Faced with a weakening economy and deep uncertainty, the Bank of England has unveiled its response. It is, some might say, a package of measured stimulus to calm apprehension. Further injections may follow.
You could say the same about crack cocaine addiction. And that, I fear, is where we are at with UK monetary policy.
This initial boost might seem like a cure. But be wary of forecasts over supposed curative effects. The fact is that no-one knows – and especially not a Bank governor who has a wayward record in forecasting. We have pushed further into uncharted territory for which there is no precedent.
Interest rates have now been cut to a record low of 0.25 per cent. Further monetary stimulus is planned over the next six months, with an extra £60 billion of Quantitative Easing over the next six months, taking the total to £435bn. And there is a new £10bn Term Funding Scheme to reinforce the passing through of the cut in Bank Rate to the borrowing rates actually faced by households and firms.
This smorgasbord of stimuli was garnished with suggestions of further easing ahead, with Carney repeatedly stating that all parts of the package could be expanded, raising expectations of a further rate cut this autumn. Indeed, the minutes included the view that “if the incoming data proved broadly consistent with the August Inflation Report forecast, a majority of members expected to support a further cut in Bank Rate”.
Good luck with all this. But I’m sceptical. Back in 2008-09 we embarked on the path of ultra low interest rates and effective money printing. We were told these were emergency short-term measures to kick start recovery after the global financial shock.
But here we are, eight years later with a fitful recovery at best, a colossal trade deficit and a government debt pile that has ballooned from £600bn before the crisis to more than £1,600bn.
And well before the referendum vote to leave the European Union, the economy, both in Scotland and across the UK, was slowing. If the resort to such “emergency short-term measures” did not fix our problems then, what gives us any assurance that more of the same will work this time around?
The problem now is not a financial crisis, or the cost of money or its availability. It is centrally to do with business and household confidence. The combination of Brexit uncertainties, a weakening oil price with the prospect of further cutbacks in exploration and development in the North Sea, and a dearth of major infrastructure projects cannot be made good by cuts in interest rates – even down to 0.1 per cent as some are predicting for later this year.
The hope is that businesses large and small will come to terms with the fact that the outcome of Brexit negotiations – when they do finally start – are unknowable in advance. But that is likely to take time. And for the moment the mood music across large sections of the commentariat is strongly negative.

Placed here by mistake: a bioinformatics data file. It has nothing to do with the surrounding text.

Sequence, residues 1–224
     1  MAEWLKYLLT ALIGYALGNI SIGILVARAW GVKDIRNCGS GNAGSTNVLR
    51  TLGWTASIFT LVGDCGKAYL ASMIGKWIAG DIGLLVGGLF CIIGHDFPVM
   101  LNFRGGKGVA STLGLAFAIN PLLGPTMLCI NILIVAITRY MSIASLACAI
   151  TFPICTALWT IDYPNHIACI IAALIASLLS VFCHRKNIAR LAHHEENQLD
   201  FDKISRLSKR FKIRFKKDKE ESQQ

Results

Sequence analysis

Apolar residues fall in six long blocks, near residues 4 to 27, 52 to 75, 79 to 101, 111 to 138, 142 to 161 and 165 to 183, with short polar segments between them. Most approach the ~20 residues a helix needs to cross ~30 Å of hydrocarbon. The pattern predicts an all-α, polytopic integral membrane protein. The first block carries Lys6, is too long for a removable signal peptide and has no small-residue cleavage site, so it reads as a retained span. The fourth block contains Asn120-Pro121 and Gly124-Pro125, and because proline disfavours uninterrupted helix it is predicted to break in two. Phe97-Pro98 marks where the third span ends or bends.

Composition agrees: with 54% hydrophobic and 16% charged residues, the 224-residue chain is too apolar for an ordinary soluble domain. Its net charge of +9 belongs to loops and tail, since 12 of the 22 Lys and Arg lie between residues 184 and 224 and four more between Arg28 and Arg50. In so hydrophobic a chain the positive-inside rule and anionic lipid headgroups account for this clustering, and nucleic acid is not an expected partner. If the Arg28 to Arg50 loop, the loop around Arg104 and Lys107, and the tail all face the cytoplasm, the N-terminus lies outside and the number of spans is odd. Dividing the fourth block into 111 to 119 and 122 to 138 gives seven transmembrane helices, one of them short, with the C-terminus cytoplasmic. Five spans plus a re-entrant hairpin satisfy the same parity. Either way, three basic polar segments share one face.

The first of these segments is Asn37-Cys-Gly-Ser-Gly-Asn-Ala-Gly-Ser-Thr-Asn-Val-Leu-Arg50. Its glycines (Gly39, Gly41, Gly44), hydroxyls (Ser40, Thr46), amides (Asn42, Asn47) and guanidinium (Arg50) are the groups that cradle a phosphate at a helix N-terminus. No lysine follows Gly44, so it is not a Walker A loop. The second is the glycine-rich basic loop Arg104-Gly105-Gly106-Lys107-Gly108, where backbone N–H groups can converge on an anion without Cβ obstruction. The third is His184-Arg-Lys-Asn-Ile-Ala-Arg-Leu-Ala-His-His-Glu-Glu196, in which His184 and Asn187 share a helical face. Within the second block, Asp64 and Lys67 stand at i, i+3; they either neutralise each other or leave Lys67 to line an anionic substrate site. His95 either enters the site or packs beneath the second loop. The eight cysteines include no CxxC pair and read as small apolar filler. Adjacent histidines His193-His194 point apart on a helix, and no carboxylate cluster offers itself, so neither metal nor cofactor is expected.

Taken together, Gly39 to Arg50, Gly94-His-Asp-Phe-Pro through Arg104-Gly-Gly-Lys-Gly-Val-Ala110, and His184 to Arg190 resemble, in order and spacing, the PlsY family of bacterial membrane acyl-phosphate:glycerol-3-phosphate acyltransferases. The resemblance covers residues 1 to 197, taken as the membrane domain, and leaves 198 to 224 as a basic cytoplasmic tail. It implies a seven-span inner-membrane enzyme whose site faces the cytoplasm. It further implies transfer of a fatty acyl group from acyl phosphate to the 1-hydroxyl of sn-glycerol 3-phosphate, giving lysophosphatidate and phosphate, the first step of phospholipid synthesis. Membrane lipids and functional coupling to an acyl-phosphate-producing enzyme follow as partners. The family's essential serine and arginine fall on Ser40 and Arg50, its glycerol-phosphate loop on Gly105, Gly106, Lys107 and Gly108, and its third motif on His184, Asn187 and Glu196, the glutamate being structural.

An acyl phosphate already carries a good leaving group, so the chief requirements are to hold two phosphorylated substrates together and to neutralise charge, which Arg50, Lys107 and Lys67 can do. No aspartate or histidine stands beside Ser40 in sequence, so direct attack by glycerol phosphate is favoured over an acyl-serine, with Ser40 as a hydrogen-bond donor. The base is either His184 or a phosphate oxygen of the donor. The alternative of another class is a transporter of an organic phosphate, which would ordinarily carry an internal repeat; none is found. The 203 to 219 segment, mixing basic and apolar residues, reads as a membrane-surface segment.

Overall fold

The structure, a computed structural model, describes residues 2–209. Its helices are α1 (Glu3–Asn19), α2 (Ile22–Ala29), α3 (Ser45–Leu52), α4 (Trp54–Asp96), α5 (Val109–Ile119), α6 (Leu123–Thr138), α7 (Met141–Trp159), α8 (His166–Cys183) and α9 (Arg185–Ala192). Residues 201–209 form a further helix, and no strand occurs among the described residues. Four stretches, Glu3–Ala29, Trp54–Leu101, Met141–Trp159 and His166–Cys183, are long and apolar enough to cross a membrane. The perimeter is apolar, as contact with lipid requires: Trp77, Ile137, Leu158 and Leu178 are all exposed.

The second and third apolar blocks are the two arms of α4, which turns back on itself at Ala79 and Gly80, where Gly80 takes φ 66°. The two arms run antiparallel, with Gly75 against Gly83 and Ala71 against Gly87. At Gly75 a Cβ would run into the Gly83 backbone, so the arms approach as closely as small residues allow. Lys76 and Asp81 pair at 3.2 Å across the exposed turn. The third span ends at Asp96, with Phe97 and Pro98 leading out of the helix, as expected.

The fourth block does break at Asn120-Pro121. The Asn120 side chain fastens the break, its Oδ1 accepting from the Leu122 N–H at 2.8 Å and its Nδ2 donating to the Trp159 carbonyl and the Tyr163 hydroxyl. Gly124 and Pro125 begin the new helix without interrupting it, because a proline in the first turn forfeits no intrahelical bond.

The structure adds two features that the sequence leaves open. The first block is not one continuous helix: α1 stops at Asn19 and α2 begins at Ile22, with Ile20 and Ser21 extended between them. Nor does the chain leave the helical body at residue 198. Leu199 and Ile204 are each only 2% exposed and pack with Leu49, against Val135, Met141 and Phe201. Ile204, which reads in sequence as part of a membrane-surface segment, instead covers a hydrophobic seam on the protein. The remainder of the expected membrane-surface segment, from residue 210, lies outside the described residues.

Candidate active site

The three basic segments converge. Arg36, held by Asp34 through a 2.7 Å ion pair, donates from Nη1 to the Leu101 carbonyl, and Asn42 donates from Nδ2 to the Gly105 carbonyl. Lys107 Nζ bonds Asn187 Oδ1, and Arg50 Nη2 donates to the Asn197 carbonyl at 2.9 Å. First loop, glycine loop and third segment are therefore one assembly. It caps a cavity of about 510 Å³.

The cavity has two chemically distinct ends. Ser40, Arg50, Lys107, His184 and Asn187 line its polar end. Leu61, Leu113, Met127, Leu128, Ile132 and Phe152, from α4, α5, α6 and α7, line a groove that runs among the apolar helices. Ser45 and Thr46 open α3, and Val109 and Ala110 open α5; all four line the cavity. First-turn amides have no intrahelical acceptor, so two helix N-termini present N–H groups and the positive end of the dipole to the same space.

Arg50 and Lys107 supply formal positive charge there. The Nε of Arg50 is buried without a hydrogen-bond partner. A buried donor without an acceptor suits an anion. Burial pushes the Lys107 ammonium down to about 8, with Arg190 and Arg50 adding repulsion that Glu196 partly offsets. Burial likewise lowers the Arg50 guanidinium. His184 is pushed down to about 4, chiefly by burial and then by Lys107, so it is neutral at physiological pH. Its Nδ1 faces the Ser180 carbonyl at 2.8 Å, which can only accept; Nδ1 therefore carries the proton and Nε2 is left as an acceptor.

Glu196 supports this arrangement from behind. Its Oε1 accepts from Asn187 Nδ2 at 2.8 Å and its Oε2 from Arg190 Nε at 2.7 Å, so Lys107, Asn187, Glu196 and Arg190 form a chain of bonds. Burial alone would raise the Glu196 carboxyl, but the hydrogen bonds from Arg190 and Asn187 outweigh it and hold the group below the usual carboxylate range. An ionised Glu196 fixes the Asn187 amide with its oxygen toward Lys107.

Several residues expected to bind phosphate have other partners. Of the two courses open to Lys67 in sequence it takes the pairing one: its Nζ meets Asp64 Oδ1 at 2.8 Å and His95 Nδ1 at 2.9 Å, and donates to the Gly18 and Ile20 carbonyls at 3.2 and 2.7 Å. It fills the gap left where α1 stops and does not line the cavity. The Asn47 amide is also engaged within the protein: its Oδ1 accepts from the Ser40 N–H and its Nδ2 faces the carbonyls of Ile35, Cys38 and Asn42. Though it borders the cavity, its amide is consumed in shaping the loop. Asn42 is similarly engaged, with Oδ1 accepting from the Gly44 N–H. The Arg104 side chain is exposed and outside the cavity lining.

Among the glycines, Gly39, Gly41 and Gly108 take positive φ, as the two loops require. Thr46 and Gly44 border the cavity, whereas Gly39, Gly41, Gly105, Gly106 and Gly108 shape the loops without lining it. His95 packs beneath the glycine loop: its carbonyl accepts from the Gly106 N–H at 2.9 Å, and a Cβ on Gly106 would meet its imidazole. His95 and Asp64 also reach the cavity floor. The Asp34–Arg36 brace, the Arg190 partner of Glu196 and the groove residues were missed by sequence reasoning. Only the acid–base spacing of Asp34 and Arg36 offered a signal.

So while the Bank has taken stronger and broader action than expected, with fiscal loosening likely in the Autumn Statement, there is no certainty that this further foray into emergency terrain will work. Indeed, we look set for interest rates to remain at this “ultra ultra” low level for a prolonged period. Such is the mountain of government debt, there will be no hurry to raise rates: thus we have now fallen into the classic trap of addiction – the greater the resort to crack cocaine, the more difficult it is to break the cycle of dependence.
Back in 2008-09, it was widely supposed by now that the “bazooka” emergency measures taken then would be long behind us: we would have returned to “normal” for interest rates while government borrowing would have fallen sharply.
But events have failed to conform to official predictions. And the further we leap into the dark, the more questionable the latest predictions become.
Moreover, we have in Mark Carney a chameleon Bank governor with a problematic forecasting record. When he launched his policy of so-called “forward guidance” in August 2013, it was designed to give households and businesses greater certainty about the direction of interest rates and monetary policy. Within six months this policy had to be revised.
In June 2014, he warned that investors were “insufficiently alive” to the possibility of an earlier than expected rise in interest rates. There followed pronouncements – variable as to the timing of an interest rate change, but all of them assuming the next move would be upwards. Twelve months ago he was signalling a rate increase by the end of 2015. Now interest rates have moved – but downwards.
His “forward guidance” now is for a period of above target inflation and a notably weaker economic outlook. The “good news” is that the Bank is not forecasting a recession. But it is projecting a marked hit as investment decisions are halted, whilst the productivity outlook has been downgraded sharply. It now sees growth of 1.8 per cent for this year and just 0.8 per cent next – clattering down from the 2.3 per cent estimate it made only three months ago.
So here we are, back on the crack cocaine of stimulus, the magic powder that was hailed as a cure but wasn’t, and with resort to record debt for business, households and government. Some predict the bond buying programme could hit £500 billion.
The Bank can slash the cost of credit and try and coax more lending, but it can do little to boost the demand for lending and spur spending if business and households are worried about the outlook.
Next step: bold Japan-style infrastructure spending plans in the Autumn Statement. They may have to be very bold indeed.